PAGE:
BOSTON – As the final seconds ticked off the clock in Game 4 of the Eastern Conference final, Jarome Iginla flicked a shot on net that Tuukka Rask calmly gloved just before the buzzer sounded. It was fitting that the series ended with a shot from Iginla, the man who vetoed a trade to the Bruins so he could go to Pittsburgh instead. But it was even more fitting that the series ended with Rask firmly in control.
There will be a lot made of the Penguins’ stars going silent, and rightfully so. Iginla, Sidney Crosby, Evgeni Malkin, James Neal and Kris Letang all finished the series with zero points.
But this series was about Tuukka Rask. The Bruins’ netminder stopped 134 of the 136 shots the Penguins threw at him, good for an absolutely preposterous .985 save percentage. His two goals against were the fewest ever allowed by a Bruins goalie in a series.
“I think it’s great,” said coach Claude Julien of Rask’s play. “Timmy [Thomas] did it for us for numerous years. To a certain extent, you hope that Tuukka learned from that as well, seized the moment when he had the chance. Although they’re different personalities, I think a lot of Timmy’s commitment and desire to be the best he could be every night has rubbed off on Tuukka. Tuukka has learned from that. Right now he’s in a zone that you hope he can hold onto. Without that kind of goaltending, you don’t get a chance at winning a Cup.”
Rask had been very good all season. He came up with some big saves against the Maple Leafs in the first round. He was great against the Rangers in the second round, even if he did have that stumbling blunder in Game 4.
But the Penguins were a different animal. This was one of the most prolific offenses of the last 20 years. Surely it would be nearly impossible for Rask to replicate what he did against New York, when he allowed more than two goals just once in five games.
Rask didn’t replicate what he did against New York. He topped it by leaps and bounds. He stopped all 29 shots he faced in Game 1, then 26 of 27 in Game 2. It was easy to overlook Rask’s play in those two games, though. The bigger story was the fact that the Bruins had blown Pittsburgh out of the water in both games.
But there was no overlooking Rask in Games 3 and 4. He put together an incredible 53-save performance in a 2-1 double overtime win in Game 3. Then he finished the series off with a 26-save shutout in a 1-0 victory on Friday night. The Bruins probably would’ve won the first two games even if Rask had only been good, but they needed him to be great to win the last two, and he was. Patrice Bergeron said it’s probably the best goaltending he’s ever played in front of.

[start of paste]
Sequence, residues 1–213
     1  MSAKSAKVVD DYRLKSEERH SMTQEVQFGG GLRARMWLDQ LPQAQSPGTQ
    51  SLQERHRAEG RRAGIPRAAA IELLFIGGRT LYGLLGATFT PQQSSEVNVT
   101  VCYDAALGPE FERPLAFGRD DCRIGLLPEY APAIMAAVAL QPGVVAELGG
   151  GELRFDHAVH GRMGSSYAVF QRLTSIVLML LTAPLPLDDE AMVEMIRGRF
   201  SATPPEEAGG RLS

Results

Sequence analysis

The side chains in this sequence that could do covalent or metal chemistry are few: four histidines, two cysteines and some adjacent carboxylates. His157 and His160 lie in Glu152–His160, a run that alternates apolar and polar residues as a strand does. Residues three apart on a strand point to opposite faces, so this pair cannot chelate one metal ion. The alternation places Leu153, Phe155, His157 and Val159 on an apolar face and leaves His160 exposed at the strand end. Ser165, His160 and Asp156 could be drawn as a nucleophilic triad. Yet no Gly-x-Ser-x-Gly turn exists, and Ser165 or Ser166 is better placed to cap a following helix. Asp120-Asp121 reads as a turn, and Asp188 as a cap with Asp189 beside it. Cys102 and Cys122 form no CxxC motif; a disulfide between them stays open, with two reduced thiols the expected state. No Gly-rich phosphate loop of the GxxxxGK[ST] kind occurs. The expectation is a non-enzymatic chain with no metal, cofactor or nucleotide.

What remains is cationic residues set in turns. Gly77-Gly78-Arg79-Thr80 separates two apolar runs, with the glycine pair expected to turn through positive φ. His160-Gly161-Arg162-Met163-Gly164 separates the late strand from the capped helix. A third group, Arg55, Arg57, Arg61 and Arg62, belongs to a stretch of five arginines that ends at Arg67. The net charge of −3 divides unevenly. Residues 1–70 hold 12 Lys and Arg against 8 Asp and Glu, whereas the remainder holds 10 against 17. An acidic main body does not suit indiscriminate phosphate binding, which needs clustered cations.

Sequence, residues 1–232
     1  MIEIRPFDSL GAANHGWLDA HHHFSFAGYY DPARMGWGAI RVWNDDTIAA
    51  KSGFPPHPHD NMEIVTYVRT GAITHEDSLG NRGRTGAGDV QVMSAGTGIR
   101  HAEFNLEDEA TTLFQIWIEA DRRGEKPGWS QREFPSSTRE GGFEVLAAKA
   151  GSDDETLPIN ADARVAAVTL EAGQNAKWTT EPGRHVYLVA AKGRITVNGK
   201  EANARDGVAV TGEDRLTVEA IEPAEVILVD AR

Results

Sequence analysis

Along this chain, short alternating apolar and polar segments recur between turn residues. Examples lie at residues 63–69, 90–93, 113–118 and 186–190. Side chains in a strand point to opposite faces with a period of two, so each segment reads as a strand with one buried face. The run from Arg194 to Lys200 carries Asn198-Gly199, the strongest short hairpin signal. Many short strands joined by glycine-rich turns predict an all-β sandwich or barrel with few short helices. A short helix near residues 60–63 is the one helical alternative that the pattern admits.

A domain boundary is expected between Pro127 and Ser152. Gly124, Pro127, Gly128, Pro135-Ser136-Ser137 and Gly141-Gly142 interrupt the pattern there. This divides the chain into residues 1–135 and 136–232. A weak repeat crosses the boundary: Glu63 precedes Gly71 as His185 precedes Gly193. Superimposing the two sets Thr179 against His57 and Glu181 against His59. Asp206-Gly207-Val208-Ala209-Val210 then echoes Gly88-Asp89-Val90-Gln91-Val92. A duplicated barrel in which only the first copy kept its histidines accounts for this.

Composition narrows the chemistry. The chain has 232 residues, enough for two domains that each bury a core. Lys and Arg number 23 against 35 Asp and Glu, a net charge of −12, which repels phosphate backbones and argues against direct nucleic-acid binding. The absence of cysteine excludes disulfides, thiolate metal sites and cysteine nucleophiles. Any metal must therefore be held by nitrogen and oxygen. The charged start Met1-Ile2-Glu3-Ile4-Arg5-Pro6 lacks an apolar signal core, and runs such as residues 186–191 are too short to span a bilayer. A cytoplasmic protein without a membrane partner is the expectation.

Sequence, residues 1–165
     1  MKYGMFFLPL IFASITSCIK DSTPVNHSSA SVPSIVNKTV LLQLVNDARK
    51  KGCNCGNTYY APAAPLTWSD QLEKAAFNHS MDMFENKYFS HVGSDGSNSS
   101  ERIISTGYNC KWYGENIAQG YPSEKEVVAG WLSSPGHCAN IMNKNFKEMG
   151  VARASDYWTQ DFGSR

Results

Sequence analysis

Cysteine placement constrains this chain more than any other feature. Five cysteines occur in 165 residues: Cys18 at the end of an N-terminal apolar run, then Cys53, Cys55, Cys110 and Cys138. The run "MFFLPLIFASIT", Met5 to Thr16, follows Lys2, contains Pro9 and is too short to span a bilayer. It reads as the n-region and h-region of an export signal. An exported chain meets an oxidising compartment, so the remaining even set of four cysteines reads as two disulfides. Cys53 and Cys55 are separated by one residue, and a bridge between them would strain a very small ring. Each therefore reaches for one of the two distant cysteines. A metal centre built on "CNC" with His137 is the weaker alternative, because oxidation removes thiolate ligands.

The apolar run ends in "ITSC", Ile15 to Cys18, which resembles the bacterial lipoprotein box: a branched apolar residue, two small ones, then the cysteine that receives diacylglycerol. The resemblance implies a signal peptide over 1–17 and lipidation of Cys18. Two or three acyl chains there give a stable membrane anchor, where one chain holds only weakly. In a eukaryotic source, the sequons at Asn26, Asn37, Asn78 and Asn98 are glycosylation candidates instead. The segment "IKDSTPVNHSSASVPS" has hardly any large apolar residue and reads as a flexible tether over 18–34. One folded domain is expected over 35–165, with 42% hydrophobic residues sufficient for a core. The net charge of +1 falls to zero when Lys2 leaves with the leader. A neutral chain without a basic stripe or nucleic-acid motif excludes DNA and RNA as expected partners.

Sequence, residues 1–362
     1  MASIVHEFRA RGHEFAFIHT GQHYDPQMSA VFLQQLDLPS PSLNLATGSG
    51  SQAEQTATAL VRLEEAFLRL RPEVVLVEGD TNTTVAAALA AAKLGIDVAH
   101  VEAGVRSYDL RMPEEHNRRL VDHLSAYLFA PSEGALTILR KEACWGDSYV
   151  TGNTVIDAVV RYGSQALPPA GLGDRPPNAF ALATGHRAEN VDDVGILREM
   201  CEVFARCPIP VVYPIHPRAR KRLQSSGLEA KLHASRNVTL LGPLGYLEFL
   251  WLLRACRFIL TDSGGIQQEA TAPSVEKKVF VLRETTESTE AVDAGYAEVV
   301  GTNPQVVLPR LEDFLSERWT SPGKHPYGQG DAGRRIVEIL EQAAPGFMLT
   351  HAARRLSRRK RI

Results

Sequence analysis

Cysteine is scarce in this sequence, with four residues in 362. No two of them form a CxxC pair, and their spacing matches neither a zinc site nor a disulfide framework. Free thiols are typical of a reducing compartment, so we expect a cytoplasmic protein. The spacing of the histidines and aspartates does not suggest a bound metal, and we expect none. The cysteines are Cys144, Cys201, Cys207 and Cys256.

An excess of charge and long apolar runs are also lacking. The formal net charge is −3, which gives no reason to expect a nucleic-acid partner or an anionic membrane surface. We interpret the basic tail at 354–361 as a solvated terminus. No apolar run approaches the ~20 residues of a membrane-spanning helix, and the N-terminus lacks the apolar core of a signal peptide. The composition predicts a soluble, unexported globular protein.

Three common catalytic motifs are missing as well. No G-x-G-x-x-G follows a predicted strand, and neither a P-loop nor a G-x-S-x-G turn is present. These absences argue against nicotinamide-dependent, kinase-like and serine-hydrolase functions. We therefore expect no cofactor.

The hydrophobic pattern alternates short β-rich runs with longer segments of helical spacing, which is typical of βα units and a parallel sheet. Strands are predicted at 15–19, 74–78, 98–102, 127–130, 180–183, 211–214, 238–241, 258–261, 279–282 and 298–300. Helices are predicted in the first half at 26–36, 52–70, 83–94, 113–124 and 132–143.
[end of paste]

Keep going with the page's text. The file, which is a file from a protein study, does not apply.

“I think so. I guess we’re just used to it now,” Bergeron said. “We’re kind of just expecting it. We don’t talk about him enough, but he’s been amazing all playoffs.”
Considering that Rask had such a historically great series, it may seem odd that there wasn’t really a definitive moment for him. There was no diving stick save like the one his predecessor, Tim Thomas, made in Game 5 against Tampa Bay in the 2011 conference final.
But the more you think about it, that isn’t odd at all. Rask very rarely makes a flashy save. It’s not because he can’t or because he doesn’t face tough chances. It’s because he’s always in such good position. He doesn’t need to dive to get to the post, because most of the time he’s already there. He doesn’t make that big, swooping arm motion on glove saves like you see from so many other goalies. He simply snags the puck and holds on, just like he did on Iginla’s final shot Friday night.
That unsexy style makes it easy to not be as impressed by Rask as you probably should be. His teammates don’t fall into that trap, though.
“I realize every single save he makes,” said David Krejci. “I know what kind of player he is. I know how hard it is to score goals on him in practice. He’s just showing everybody now. He doesn’t have to prove himself. He’s done it already. He’s showing everybody that he deserves the respect he’s been given lately. It’s great to have a goalie playing like this. Hopefully he can keep it up and help us win a few games in the final.”
This was Rask’s team from the start of the season. He had a couple tough stretches during the regular season, but ultimately he still ended up near the top of the league in pretty much every statistical category. In the playoffs, he has repeatedly answered any lingering questions about his ability to lead the team on a deep postseason run.
Now the Bruins are in the Stanley Cup final, and, with all due respect to Krejci, Rask is the biggest reason why. Tim Thomas got his Stanley Cup with his phenomenal postseason in 2011. If Rask continues to play like this, he could very well have his Cup in a couple weeks.